Being a native of the region all my life I no longer see it the way outsiders do; if that means I'm taking it for granted, that's fine.
"In Vermont, they’re seeing green — but the wrong kind" by Brian MacQuarrie Globe Staff September 25, 2015
MANCHESTER, Vt. — A swarm of leaf-peepers will descend on this lush valley town this weekend, hoping to gaze upon tree-lined streets and majestic mountains awash in fiery autumn hues.
It’s almost October, but a warmer than usual September means the Green Mountains are still living up to their name. Missing are the broad, dazzling swaths of yellow, orange, and crimson that almost always turn the Manchester area into a carnival of color by this point in the calendar.
What makes some tourists see red — but not yet in the sugar maples all around them — is being greeted by many Vermonters with been-there-before patience.
A foliage flop in a state known worldwide for its vibrant palette of fall colors could have ramifications beyond a less interesting view. Vermont attracts 3.5 million visitors and $460 million in spending a year during foliage season, which reaches its peak around Columbus Day.
If some of those tourists decide not to make the drive, that’s money lost. And although many lodgings in Manchester are booked months in advance for the season, no one wants to hear that the star is a no-show.
Some blame unseasonably warm weather and the lack of a frost in this valley nestled between the Green Mountains to the east and the Taconics to the west, 40 miles north of the Massachusetts border. Some blame a dry August. And others blame mysterious, fickle factors that Mother Nature uses to confound predictions for the start of foliage season.
“We had two of the warmest weeks of September in a long time, and the leaves need a cold snap to signal the change in color,” said Laura Peterson, spokeswoman for the state Department of Tourism and Marketing.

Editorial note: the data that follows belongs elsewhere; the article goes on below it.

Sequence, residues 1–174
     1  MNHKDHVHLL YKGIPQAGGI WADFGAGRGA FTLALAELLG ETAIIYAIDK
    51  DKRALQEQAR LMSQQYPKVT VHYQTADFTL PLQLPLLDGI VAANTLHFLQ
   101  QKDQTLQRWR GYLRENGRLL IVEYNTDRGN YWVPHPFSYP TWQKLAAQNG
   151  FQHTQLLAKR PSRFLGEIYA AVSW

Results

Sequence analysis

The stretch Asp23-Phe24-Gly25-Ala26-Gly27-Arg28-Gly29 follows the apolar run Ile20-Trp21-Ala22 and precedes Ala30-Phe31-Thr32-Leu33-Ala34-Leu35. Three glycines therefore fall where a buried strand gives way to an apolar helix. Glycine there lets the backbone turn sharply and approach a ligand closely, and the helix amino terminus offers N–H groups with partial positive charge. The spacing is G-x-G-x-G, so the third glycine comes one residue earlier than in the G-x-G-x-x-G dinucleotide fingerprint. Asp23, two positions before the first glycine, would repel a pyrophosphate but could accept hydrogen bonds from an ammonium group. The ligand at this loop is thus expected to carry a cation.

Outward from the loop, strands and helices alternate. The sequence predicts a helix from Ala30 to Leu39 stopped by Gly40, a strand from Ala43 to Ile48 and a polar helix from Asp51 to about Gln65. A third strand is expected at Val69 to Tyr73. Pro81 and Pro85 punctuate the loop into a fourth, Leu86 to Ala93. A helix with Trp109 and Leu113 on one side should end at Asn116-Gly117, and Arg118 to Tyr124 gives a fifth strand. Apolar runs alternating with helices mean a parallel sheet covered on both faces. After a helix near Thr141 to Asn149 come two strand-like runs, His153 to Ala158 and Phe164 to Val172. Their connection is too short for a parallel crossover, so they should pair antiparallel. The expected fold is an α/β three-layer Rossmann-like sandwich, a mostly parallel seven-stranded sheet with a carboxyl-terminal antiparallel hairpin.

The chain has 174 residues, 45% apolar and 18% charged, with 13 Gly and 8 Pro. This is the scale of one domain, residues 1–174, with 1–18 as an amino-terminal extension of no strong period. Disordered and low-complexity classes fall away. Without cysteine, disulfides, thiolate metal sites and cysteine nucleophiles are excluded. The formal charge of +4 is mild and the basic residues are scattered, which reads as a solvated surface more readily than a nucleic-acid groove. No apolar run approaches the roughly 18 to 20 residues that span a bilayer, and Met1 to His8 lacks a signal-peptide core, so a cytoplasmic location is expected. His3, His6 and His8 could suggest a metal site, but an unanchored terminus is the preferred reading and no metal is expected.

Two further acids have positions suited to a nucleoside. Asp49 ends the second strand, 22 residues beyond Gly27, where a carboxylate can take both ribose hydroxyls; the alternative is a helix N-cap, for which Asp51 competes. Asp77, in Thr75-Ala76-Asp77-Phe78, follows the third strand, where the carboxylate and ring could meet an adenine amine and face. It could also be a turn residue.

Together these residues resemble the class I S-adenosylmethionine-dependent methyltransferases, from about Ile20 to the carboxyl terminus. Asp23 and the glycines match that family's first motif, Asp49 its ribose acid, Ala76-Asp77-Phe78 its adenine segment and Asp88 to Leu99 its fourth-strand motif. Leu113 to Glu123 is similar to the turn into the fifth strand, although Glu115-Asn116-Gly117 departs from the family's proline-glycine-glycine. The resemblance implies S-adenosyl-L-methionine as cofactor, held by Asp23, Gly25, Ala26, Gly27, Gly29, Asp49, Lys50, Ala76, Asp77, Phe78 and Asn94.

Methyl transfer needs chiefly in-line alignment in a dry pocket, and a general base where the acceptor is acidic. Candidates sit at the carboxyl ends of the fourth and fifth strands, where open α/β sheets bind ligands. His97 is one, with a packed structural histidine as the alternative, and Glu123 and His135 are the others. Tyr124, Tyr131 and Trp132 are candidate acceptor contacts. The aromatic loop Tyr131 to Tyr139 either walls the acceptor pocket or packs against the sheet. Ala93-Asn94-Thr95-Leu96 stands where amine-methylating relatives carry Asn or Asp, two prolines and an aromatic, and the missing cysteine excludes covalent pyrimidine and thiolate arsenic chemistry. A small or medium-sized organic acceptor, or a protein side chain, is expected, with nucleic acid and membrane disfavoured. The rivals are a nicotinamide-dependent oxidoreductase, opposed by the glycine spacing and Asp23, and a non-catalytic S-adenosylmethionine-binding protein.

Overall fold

Every year is hotter, I'm told.
To many locals, the warm temperatures have made the outdoors even more enjoyable.
I know it is wrong for me to feel that way, what with my creaking bones and the increased food production, but....
“It’s fine with me that it’s late because it’s beautiful and green, and we know that winter is coming,” said Becky Kotler of Manchester, who walked among pumpkins and mums at Equinox Valley Nursery.
Can we have fall first, please?
Nancy Lenhardt, who has operated a hot-dog cart in downtown Manchester for 30 years, echoed that attitude. “Beautiful day, isn’t it?” she said with a beaming smile. “We’re going to pay for it later on.”
I don't view it that way. It's Mother Nature, unless someone is fooling with it, and it's not nice to fool Mother Nature. It doesn't have a personal vendetta against us.
Michael Snyder, the state’s point-man for foliage questions, said the change in color is not “late,” only “delayed,” and will fall within the historical range of when the season begins.
Colors are changing significantly in the Northeast Kingdom and higher elevations of the Green Mountains, said Snyder, commissioner of forests, parks, and recreation. Elsewhere in the state, a cold snap — not even a frost, but temperatures in the 30s, he said — could trigger rapid changes.
“We’ll see this thing pop, and then color will come on,” Snyder said.
The ingredients for a robust season are in place, including plenty of moisture earlier in the year that made Vermont’s trees full and lush, Snyder said. Now, it’s a day-to-day waiting game.
Shorter days, less sunlight, and cold prompt a tree to redirect the chemicals that make chlorophyll — the green pigment in its leaves — to other parts of the plant, Snyder said. That process exposes underlying colors in the leaves, such as yellows and orange and reds.
It’s a process fixed by nature. But Snyder, with a deep background in forestry, chuckled when asked to predict a date for peak foliage.
“We know a lot about this, but I’m happy to tell you we don’t know everything,” Snyder said. “It’s a bit of an adventure.”
Not if you have to rake 'em.
“It’s about to get crazy here.”
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